While numerous cases involved the shipment of weapons and their parts to different areas of the globe, the majority — 84 of the 159 — involved smuggling weapons to Mexico, according to the report. Of those 84, nearly half involved the illegal shipment of rifles. Mexico has long been the site of illegal U.S. arms shipments. Mexico’s porous, rugged border and burgeoning population of drug cartels has turned the United States’ southern neighbor into a hub of illicit arms.
An additional wrinkle to illegal arms trafficking within the United States is the shipment of weapons’ parts both to Mexico and elsewhere around the world. More than half of the report’s cases involve the shipment of disassembled firearms parts, such as the upper halves of rifles, known as upper receivers, and rifle barrels. Twenty-one of the cases involved the shipment of only rifle parts.
In one example detailed in the report, traffickers based in the Philippines and the United States ordered weapons’ parts over the Internet to an address in the United States. From there, the parts — approximately $200,000 in “defense items” including 5.56 mm rifle components — were repackaged and sent to the Philippines. This lasted from 2008 to 2013 when the smuggling ring was broken up by a series of arrests. According to the report, this method has been repeated across the country in states, such New Jersey and Oregon, and in Washington, D.C.
A smuggling network in California, for example, sent 240 shipments — worth more than $1 million — of rifle and pistol components to Thailand before being caught by law enforcement officials. In Texas, individuals bought rifle components, and using commercially available equipment, home-built 900 Kalashnikov-style rifles before sending them into Mexico.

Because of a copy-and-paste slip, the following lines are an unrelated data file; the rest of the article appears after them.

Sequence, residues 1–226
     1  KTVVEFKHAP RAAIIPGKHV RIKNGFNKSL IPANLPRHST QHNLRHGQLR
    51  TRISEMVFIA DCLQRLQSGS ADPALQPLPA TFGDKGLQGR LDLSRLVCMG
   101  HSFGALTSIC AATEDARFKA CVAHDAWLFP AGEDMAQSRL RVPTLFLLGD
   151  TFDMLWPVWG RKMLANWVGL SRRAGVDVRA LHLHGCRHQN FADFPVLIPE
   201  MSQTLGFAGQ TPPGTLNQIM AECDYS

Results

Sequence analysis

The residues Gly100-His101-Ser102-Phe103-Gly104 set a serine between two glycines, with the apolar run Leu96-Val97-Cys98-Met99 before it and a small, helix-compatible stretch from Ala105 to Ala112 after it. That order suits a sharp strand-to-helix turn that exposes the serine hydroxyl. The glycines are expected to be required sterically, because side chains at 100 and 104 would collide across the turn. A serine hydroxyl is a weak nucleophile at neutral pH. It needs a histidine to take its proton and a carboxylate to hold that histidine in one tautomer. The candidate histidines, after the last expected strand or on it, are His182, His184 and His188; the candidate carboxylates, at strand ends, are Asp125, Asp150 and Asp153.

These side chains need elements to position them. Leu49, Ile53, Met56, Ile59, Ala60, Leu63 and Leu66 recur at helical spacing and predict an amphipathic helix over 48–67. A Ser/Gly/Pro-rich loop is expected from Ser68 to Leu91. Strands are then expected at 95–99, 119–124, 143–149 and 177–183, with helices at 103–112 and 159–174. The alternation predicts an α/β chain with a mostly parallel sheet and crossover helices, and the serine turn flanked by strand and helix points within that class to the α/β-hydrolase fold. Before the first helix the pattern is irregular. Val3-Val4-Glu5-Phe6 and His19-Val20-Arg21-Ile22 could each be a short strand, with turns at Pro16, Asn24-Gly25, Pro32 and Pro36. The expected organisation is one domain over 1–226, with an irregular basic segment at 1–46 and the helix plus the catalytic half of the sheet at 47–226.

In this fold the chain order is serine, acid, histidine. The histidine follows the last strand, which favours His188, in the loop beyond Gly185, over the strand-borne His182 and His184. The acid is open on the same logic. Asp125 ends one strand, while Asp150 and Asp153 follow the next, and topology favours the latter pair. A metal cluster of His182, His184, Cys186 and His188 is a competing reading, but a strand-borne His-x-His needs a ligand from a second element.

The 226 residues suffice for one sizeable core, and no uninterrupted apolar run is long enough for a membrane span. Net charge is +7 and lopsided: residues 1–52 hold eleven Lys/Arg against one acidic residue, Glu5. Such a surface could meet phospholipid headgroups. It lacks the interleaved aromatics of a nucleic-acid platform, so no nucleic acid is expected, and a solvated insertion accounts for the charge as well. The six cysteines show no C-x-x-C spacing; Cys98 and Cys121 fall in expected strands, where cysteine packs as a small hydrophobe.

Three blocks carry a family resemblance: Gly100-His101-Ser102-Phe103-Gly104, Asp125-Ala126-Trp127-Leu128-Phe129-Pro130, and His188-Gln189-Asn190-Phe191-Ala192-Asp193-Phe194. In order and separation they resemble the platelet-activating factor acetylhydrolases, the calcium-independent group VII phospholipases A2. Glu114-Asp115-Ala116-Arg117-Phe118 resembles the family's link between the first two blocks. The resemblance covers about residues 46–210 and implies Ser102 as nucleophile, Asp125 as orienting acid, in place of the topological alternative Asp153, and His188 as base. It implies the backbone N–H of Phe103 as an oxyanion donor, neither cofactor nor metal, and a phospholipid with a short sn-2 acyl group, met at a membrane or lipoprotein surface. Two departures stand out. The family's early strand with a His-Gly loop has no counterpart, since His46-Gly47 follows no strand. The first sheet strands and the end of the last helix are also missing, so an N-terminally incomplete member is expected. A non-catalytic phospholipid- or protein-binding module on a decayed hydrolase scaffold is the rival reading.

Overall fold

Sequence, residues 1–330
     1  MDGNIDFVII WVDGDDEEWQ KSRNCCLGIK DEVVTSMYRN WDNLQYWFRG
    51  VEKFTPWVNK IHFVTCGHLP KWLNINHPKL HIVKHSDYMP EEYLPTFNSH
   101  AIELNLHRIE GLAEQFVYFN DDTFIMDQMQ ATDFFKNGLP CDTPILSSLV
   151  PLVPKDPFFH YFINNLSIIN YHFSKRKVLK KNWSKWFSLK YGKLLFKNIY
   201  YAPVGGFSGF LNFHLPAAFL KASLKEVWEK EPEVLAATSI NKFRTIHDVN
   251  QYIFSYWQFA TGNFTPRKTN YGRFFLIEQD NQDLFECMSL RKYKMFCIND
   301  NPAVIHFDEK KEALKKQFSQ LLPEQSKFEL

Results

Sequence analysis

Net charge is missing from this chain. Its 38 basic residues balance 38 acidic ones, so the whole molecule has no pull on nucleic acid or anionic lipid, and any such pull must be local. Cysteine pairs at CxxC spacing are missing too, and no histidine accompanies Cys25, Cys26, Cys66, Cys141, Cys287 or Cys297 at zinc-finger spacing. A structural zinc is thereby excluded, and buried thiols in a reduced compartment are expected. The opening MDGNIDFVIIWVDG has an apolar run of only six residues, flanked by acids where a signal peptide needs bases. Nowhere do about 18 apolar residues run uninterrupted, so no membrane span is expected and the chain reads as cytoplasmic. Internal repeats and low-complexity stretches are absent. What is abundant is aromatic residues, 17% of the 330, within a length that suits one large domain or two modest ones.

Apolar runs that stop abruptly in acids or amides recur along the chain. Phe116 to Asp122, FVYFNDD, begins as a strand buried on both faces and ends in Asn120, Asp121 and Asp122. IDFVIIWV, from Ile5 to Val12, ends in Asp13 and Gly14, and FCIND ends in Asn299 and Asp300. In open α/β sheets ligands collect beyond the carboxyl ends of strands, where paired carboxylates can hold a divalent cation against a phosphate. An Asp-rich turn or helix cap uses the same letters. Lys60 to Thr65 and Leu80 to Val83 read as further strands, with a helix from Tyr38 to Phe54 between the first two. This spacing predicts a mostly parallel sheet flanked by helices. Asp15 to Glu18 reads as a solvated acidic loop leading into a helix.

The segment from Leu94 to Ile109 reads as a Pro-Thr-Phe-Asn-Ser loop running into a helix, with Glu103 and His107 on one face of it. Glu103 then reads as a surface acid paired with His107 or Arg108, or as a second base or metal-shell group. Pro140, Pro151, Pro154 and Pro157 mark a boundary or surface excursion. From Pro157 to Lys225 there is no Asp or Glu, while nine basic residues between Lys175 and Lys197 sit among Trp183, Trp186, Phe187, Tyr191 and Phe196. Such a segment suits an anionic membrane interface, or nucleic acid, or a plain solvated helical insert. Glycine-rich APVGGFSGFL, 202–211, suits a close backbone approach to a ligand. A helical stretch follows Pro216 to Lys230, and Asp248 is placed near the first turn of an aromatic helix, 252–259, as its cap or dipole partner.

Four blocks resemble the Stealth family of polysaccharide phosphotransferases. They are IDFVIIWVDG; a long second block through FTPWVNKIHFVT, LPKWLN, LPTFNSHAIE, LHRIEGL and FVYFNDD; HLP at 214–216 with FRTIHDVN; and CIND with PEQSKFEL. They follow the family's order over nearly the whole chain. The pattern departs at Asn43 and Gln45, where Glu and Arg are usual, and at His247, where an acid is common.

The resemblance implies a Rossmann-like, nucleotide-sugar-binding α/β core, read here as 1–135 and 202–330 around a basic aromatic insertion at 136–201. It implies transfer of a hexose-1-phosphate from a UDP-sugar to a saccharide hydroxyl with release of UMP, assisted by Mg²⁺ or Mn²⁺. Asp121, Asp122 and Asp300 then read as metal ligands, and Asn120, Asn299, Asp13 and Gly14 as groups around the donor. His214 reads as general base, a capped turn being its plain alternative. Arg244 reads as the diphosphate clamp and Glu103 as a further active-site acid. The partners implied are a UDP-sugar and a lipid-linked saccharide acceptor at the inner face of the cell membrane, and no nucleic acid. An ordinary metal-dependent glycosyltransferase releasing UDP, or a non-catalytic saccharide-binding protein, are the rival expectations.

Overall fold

Unlike drugs that can be shipped covertly in small quantities, moving weapons around the world takes some ingenuity. For weapons illegally shipped to Mexico, according to the report, the guns were mostly sent either on foot or hidden in vehicles. In some instances, the weapons were duct-taped around a smuggler’s body. Additionally, many of the vehicles responsible for smuggling weapons and ammunition had modified panels that had been repurposed to hide the illicit arms.
For weapon shipments sent outside of Mexico, smugglers employed a range of methods. In 20 of the documented cases, traffickers used maritime shipping containers to get weapons abroad. Other methods included shipping parts in padded envelopes delivered by the U.S. Postal Service, and smuggled aboard commercial aircraft. In some cases, according to the report, a number of weapons sent through the mail were done so with false shipping documents. The weapons, in some of these cases, were identified as “metal hunting tools” and “toy parts.”
According to the report, eight cases involved smugglers flying to foreign countries with “firearms and related items” hidden in their luggage. In one of the documented cases, a trafficker from North Carolina smuggled 63 weapons to Britain on nine different flights in 2010. During one flight, according to the report, the smuggler was questioned after a Transportation Security Administration officer found one of the shipments. The trafficker said he was a salesman traveling from a gun show and that the weapons were not in working order. The TSA officer let the smuggler continue on to Britain.
According to Matt Schroeder, a senior researcher at the Small Arms Survey and the author of the report, his research highlights how complex arms trafficking actually is compared with what might be assumed. Stopping it, he said, “will require the cooperation of many actors both public and private.”